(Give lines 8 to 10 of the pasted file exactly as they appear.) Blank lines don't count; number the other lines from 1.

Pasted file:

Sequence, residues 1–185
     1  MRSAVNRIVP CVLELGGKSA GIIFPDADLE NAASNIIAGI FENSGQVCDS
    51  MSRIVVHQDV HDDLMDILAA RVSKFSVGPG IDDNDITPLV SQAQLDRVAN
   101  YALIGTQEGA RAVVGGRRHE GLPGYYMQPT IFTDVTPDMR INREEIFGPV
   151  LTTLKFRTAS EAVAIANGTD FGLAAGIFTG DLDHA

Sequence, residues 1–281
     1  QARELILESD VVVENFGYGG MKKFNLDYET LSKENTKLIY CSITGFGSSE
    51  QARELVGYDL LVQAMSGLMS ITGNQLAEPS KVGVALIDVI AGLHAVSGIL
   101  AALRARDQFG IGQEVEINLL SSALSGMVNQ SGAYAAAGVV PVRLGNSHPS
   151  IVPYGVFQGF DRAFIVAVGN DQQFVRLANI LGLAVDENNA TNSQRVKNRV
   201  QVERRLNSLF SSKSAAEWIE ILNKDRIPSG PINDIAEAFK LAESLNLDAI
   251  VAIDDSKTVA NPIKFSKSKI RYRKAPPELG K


    51  QARELVGYDL LVQAMSGLMS ITGNQLAEPS KVGVALIDVI AGLHAVSGIL
   101  AALRARDQFG IGQEVEINLL SSALSGMVNQ SGAYAAAGVV PVRLGNSHPS
   151  IVPYGVFQGF DRAFIVAVGN DQQFVRLANI LGLAVDENNA TNSQRVKNRV